Saturday, May 21, 2011

Stanley Kubrick's "A Clockwork Orange" Still Great 40 Years Later

TRASH IN MY EYE No. 145 (of 2005) by Leroy Douresseaux

A Clockwork Orange (1971)
Running time: 136 minutes (2 hours, 16 minutes)
MPAA – R (original rating – X)
WRITER: Stanley Kubrick (based upon the novel by Anthony Burgess)
EDITOR: Bill Butler
Academy Award nominee


Starring: Malcolm McDowell, Patrick Magee, Sheila Raynor, Philip Stone, Adrienne Corri, Mariam Karlin, Michael Bates, Warren Clarke, James Marcus, Anthony Sharp, and Godfrey Quigley

The occasion upon which a film surpasses its source material both in terms of quality but in its points, ideas, and implications is indeed rare. That the late Stanley Kubrick’s (1928-1999) A Clockwork Orange is one of those occasions is so astounding because its source material, the novel by the late British novelist and critics, Anthony Burgess (1917-1993), A Clockwork Orange (1962), is itself an important work of fiction.

In a near future, gangs of amoral young boys roam the streets of England beating each other and searching out victims for robbery and rape. Alex de Large (Malcolm McDowell), a teddy-boy hooligan who wears a derby as part of his gang costume, stomps, whomps, steals, sings, and tap-dances while he violates others. A leader of a gang of droogs (his mates), Alex accidentally kills a woman at the beginning of a planned night of violent debauchery, and his droogs turn on him leaving him wounded for the police. While in prison, Alex volunteers for an experimental program that, through drugs and video shock therapy, brainwashes him to feel intense nausea and an urgent need to die, whenever he has ideas about sex and violence – an experiment which raises hard questions in a society rife with criminal violence and political corruption.

In A Clockwork Orange, Kubrick used vivid sets, music, words, and feelings to create a tour de force of pointed social satire. The innovative way of using light and flamboyant color cinematography to heighten the intensity of the violent scenes made A Clock Orange highly controversial when it was first released in 1971. Although the film is marked by good performances, one of them being particularly good, that of Malcolm McDowell as Alex, A Clockwork Orange is completely and totally Stanley Kubrick’s film. His presence, his touch, his demands, his direction, and his will bleed from the pores of every frame.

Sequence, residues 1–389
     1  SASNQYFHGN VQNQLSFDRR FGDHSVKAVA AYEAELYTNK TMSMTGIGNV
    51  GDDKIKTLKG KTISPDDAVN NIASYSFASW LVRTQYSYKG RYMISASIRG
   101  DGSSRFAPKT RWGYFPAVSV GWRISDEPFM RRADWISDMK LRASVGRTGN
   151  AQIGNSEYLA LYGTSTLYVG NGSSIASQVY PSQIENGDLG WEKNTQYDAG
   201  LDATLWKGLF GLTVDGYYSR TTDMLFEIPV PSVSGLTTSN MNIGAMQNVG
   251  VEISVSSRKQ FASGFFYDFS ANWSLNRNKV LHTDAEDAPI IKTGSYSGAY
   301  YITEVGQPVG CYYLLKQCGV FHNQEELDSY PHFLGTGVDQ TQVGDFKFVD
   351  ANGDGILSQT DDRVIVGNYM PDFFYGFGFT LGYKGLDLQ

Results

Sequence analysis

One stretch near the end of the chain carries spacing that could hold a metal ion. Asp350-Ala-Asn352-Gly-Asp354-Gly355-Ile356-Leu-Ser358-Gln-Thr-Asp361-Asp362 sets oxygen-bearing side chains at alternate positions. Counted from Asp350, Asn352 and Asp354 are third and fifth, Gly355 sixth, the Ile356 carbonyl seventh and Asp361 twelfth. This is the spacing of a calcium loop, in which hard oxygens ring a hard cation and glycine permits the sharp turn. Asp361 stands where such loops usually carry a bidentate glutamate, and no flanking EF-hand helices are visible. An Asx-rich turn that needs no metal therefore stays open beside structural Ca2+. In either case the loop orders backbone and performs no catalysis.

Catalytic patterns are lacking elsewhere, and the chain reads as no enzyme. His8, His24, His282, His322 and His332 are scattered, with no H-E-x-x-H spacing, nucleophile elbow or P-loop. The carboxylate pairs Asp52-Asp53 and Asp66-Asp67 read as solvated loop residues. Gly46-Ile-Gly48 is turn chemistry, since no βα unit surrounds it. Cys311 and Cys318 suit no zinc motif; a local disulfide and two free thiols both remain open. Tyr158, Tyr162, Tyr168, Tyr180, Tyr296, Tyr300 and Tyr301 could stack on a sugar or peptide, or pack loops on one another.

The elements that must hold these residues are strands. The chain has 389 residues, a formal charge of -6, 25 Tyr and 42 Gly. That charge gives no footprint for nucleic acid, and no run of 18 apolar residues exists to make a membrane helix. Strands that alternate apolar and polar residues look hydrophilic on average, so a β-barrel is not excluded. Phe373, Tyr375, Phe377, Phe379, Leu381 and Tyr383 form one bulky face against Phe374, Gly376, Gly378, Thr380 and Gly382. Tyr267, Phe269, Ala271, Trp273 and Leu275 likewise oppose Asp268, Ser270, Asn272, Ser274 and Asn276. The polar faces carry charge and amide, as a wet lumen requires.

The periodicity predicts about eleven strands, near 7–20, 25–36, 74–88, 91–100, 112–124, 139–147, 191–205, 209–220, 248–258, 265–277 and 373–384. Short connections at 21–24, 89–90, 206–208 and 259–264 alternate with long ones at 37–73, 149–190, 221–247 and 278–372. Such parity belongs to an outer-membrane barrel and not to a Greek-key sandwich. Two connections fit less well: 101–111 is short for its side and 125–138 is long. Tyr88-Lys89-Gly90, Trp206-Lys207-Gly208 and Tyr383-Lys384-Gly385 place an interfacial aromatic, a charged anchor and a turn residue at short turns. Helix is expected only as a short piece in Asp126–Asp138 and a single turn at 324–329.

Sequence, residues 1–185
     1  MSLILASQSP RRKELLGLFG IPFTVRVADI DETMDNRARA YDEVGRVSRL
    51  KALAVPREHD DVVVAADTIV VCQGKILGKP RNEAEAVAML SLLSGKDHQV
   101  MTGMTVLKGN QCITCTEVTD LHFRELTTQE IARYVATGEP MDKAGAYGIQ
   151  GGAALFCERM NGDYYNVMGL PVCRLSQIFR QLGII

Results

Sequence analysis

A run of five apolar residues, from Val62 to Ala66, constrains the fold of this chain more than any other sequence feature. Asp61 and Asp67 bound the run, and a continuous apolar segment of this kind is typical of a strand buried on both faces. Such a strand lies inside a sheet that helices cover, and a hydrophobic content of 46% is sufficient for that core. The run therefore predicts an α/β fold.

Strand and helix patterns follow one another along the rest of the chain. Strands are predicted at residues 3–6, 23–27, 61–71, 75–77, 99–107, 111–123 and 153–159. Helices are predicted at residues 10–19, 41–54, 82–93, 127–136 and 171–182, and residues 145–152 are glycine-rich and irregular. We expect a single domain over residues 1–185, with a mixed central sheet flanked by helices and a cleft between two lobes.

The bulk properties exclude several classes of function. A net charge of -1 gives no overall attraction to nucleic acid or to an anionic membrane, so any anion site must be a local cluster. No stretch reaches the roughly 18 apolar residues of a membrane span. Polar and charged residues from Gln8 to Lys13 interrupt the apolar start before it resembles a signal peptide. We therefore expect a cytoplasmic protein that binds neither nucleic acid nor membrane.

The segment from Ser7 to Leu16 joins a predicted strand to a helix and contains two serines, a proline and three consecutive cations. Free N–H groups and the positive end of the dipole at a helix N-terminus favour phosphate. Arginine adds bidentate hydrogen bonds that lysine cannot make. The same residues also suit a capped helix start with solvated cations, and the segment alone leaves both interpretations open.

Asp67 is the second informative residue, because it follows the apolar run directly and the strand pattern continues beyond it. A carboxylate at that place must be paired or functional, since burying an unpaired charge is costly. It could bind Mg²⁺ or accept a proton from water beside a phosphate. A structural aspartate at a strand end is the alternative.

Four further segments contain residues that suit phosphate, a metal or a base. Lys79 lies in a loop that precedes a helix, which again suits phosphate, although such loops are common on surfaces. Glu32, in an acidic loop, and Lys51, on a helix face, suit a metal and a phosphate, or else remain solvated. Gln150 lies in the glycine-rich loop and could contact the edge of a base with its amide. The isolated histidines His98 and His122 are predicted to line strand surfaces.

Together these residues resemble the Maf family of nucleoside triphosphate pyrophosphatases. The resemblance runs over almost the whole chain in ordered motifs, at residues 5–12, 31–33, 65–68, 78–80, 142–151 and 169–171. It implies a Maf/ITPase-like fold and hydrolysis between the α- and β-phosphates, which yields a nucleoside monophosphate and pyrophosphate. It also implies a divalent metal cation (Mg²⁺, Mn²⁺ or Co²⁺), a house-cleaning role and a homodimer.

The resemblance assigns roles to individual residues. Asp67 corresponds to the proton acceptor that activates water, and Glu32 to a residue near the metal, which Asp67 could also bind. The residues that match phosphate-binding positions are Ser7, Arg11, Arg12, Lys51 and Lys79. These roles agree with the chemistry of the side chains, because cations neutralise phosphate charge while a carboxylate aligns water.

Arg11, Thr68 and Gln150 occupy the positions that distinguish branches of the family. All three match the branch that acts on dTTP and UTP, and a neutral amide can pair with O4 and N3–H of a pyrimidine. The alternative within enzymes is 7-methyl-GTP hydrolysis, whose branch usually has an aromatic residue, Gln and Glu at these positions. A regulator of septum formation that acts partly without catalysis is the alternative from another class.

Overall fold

Kubrick also wrote a great script. Not only are particular words important, but also their placement and context within a given line of speech, how the actor delivers them and when determines the character, setting, and plot down to the smallest details. Words are as brilliantly, visually descriptive as the sets, lighting, and photography. What we hear in the words and how we hear and perceive them are as important as what we see.

The film may be the best English language satirical film ever made. A Clockwork Orange examines the family unit, crime and punishment, how governments often shape law enforcement so that it serves their interests rather than that of the public good, and examines free will among others things. Perhaps, the film saves its most pointed commentary for the struggle between the selfish individual unit and group unit that demands conformity. It’s a war of clumsy skirmishes and bloody battles, but there is no end to this conflict. There aren’t any answers, easy or otherwise. Because Kubrick tackled such ideas about society and individual freedom with such visual originality, A Clockwork Orange remains one of the great works in cinematic history.

10 of 10

1972 Academy Awards: 4 nominations: “Best Picture” (Stanley Kubrick), “Best Director” (Stanley Kubrick), “Best Film Editing” (Bill Butler), and “Best Writing, Screenplay Based on Material from Another Medium” (Stanley Kubrick)

1973 BAFTA Awards: 7 nominations: “Best Art Direction” (John Barry), “Best Cinematography” (John Alcott), “Best Direction” (Stanley Kubrick), “Best Film,” “Best Film Editing” (Bill Butler), “Best Screenplay” (Stanley Kubrick), and “Best Sound Track” (Brian Blamey, John Jordan, and Bill Rowe)

1972 Golden Globes: 3 nominations: “Best Director - Motion Picture” (Stanley Kubrick), “Best Motion Picture – Drama,” and “Best Motion Picture Actor – Drama” (Malcolm McDowell)

A Clockwork Orange (Anniversary Edition) [Blu-ray]

No comments:

Post a Comment